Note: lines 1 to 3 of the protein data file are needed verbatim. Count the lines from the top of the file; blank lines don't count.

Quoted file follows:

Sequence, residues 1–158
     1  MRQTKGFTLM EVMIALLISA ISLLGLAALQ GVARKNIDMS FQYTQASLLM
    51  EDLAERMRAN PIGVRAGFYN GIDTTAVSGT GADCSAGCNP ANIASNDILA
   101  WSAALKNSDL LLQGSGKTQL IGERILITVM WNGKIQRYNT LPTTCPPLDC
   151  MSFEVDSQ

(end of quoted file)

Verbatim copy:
Sequence, residues 1–158
     1  MRQTKGFTLM EVMIALLISA ISLLGLAALQ GVARKNIDMS FQYTQASLLM
    51  EDLAERMRAN PIGVRAGFYN GIDTTAVSGT GADCSAGCNP ANIASNDILA